I am pleased to announce two book signings in the Ogden Area coming up. The first is at Burch Creek Mercantile (3920 Washington Blvd) on Saturday, January 28 from 2pm-6pm. I spoke to Dennis and Robert, the owners and managers of Burch Creek and they were excited about trying something new by having an author signing in their store. They have offered other community events in conjunction with South Ogden Days and other local celebrations, but they said they have never had an author signing there. It will be fun to see how this turns out.
I’m excited because they serve some excellent sandwiches. Not to mention they also serve Farr’s Ice Cream. Stop by and see me. Pick up a copy of Moon Flower and a sundae. It will be a fun time.
The next book signing is at Hastings Books (340 E. 525 North, by the Harrisville Wal-Mart) on Saturday, February 25 from 3pm-5pm. This one was fun to arrange, mostly because when I went in to speak to Stacy, the books manager, I noticed eight copies of my first novel, Trust with a Razor, sitting on the shelf behind him. Granted, I would prefer to see the book in the hands of the customers but we’ll see if the signing there can’t help that.
I am rather excited about these signings and about the release of the Convergence Series. I am already working on the next installment.
Which leads me to a realization: I have been so wrapped up with the release of the Convergence Series that I have completely neglected posting any valuable writing advice in my blog. I hope to rectify that today.
I would like to talk about something more practical and concrete, and something that I don’t cover in my monthly classes. I want to talk about this concept of “Write what you know.”
I attended a writer’s conference a number of years ago and I spoke to a number of people that declared themselves to be “LDS authors.” This means that their primary audience is members of the LDS church living in Utah. When I asked them why they didn’t try something new, they recited this old adage. “I write what I know,” they told me.
I’m sorry, but I find this absolute crap.
I can say this because my primary focus is fantasy. I know nothing about what it is to be an elf or a dragon, and yet elves and dragons are primary characters in the Convergence Series. So does that mean that I am not writing something that I don’t know about?
No, it doesn’t.
Because writing is not about what I know now. It is about what I can learn. The reason I was able to understand the elves in my story so well was because I researched them. Yes, I know there are no such things as elves and dragons and it would be very difficult to conduct adequate research. So instead, I read about what other people wrote about them. I read several fantasy novels and read about how elves and dragons are portrayed in fantasy. That way, my depiction of an elf in a fantasy novel was consistent with the general and accepted depictions of elves. My version of a dragon is right in line with other dragons in similar stories. I did not copy characters. I gave personalities to accepted archetypes.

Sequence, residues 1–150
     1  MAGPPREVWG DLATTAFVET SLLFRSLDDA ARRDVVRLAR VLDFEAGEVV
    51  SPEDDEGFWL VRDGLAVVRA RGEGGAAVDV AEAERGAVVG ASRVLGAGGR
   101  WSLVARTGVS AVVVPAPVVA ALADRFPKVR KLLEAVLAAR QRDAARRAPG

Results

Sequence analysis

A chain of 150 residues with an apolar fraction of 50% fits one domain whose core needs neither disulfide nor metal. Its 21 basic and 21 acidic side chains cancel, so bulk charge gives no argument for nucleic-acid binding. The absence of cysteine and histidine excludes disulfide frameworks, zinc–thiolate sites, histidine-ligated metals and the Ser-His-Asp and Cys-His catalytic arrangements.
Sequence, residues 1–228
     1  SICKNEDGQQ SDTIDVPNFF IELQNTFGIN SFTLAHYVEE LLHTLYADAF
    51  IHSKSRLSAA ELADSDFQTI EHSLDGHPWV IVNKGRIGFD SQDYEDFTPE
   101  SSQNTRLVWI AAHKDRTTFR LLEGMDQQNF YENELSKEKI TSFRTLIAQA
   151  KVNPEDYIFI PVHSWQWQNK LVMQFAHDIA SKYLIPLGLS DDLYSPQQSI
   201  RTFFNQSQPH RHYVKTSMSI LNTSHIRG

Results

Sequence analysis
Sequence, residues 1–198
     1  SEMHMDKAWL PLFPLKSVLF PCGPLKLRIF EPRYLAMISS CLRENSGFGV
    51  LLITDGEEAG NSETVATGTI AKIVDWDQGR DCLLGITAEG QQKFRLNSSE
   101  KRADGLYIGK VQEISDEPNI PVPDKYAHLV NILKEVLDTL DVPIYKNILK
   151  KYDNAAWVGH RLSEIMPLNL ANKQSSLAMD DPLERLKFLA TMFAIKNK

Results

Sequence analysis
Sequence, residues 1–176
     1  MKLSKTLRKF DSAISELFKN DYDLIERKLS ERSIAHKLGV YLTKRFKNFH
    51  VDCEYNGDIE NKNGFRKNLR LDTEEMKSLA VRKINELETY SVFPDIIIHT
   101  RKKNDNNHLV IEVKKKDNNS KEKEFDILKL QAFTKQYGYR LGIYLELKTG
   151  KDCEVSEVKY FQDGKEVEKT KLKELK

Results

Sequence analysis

It took research, yes. The same research I used in my first historical novel, Trust with a Razor. This required research, obviously, since the story took place in 1933. I had to try to understand what life was like in Ogden at that time.
So, my question to those people who limit themselves because they don’t know anything else is, “Why don’t you go out and learn something new?”
Yes, I am bit on a soapbox here, but this really frustrated me. I hate to see people limiting their creativity and systematically sabotaging themselves. I asked one person at the conference why she didn’t try science fiction. She read scifi and liked scifi. So why didn’t she take her story of a conflict with a LDS bishop (a leader of an LDS congregation) and one of his parishioners and instead make the bishop the captain of a starship destined for an unknown and glorious port (turning the religious connections into unknown worlds). She became intrigued a bit, but laughed off the idea, saying that she could never do that because she was an LDS author.
So is Orson Scott Card who wrote probably THE definitive science fiction novel of the 20th Century with Ender’s Game.
My point is, don’t be afraid to try something new. Take your plotline and see how it fits in outer space. I will admit my outline for the Convergence Series did not begin in the fantasy world of Cordia. It actually began with an aborted military operation I was part of while serving in the Marines. My idea was to create a fictionalized account of those events. I had all the relevant data: the names, the dates, the personalities involved, the eye-witness accounts, even the classified information surrounding the operations. And THAT was the problem. The entire operation was considered classified and, by law, I could not disclose it in any way, including a fictionalized version. It wasn’t like people could find out everything by piecing together accounts in the newspaper, but because I was part of the operation, any retelling, fictional or otherwise, could be considered as the unlawful disclosure of classified information and I could go to jail.
Consequently, I moved the location of the events from… some undisclosed location… to Cordia, a fantasy world. The personalities changed slightly, the events changed dramatically, but the themes and motivation behind the operation remain intact. I am writing what I know… but I had to learn a bit more to make it work.
So, I will add to the saying. Write what you know… and if you don’t know it, learn it.